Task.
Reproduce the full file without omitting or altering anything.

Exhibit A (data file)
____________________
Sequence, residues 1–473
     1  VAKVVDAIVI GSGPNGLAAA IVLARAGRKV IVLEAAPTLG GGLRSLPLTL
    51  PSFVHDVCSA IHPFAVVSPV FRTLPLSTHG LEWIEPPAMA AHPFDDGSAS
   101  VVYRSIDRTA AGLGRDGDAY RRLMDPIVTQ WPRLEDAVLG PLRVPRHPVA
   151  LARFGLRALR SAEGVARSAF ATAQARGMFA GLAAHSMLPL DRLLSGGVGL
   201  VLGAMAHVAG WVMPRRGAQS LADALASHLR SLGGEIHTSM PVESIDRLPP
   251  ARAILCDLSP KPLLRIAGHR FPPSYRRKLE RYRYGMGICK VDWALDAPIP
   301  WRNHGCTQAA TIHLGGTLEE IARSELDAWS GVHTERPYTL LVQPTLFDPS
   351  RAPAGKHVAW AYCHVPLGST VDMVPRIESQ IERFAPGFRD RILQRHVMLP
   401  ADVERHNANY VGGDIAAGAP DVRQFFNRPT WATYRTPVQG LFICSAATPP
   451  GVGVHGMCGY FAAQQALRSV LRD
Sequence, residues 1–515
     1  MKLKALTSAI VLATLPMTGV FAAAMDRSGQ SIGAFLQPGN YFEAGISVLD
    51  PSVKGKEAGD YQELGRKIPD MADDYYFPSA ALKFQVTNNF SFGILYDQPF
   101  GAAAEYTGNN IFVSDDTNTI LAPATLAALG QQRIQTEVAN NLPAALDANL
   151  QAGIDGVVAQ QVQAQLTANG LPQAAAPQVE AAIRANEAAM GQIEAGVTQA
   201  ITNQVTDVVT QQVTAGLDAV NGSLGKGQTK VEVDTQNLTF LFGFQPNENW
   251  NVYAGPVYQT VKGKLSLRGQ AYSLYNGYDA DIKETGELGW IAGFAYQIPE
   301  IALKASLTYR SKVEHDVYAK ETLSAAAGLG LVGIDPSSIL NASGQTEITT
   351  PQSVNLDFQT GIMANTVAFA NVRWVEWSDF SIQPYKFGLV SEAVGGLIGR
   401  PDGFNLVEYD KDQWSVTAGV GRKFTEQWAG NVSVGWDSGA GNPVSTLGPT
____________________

Sequence, residues 1–473
     1  VAKVVDAIVI GSGPNGLAAA IVLARAGRKV IVLEAAPTLG GGLRSLPLTL
    51  PSFVHDVCSA IHPFAVVSPV FRTLPLSTHG LEWIEPPAMA AHPFDDGSAS
   101  VVYRSIDRTA AGLGRDGDAY RRLMDPIVTQ WPRLEDAVLG PLRVPRHPVA
   151  LARFGLRALR SAEGVARSAF ATAQARGMFA GLAAHSMLPL DRLLSGGVGL
   201  VLGAMAHVAG WVMPRRGAQS LADALASHLR SLGGEIHTSM PVESIDRLPP
   251  ARAILCDLSP KPLLRIAGHR FPPSYRRKLE RYRYGMGICK VDWALDAPIP
   301  WRNHGCTQAA TIHLGGTLEE IARSELDAWS GVHTERPYTL LVQPTLFDPS
   351  RAPAGKHVAW AYCHVPLGST VDMVPRIESQ IERFAPGFRD RILQRHVMLP
   401  ADVERHNANY VGGDIAAGAP DVRQFFNRPT WATYRTPVQG LFICSAATPP
   451  GVGVHGMCGY FAAQQALRSV LRD
Sequence, residues 1–515
     1  MKLKALTSAI VLATLPMTGV FAAAMDRSGQ SIGAFLQPGN YFEAGISVLD
    51  PSVKGKEAGD YQELGRKIPD MADDYYFPSA ALKFQVTNNF SFGILYDQPF
   101  GAAAEYTGNN IFVSDDTNTI LAPATLAALG QQRIQTEVAN NLPAALDANL
   151  QAGIDGVVAQ QVQAQLTANG LPQAAAPQVE AAIRANEAAM GQIEAGVTQA
   201  ITNQVTDVVT QQVTAGLDAV NGSLGKGQTK VEVDTQNLTF LFGFQPNENW
   251  NVYAGPVYQT VKGKLSLRGQ AYSLYNGYDA DIKETGELGW IAGFAYQIPE
   301  IALKASLTYR SKVEHDVYAK ETLSAAAGLG LVGIDPSSIL NASGQTEITT
   351  PQSVNLDFQT GIMANTVAFA NVRWVEWSDF SIQPYKFGLV SEAVGGLIGR
   401  PDGFNLVEYD KDQWSVTAGV GRKFTEQWAG NVSVGWDSGA GNPVSTLGPT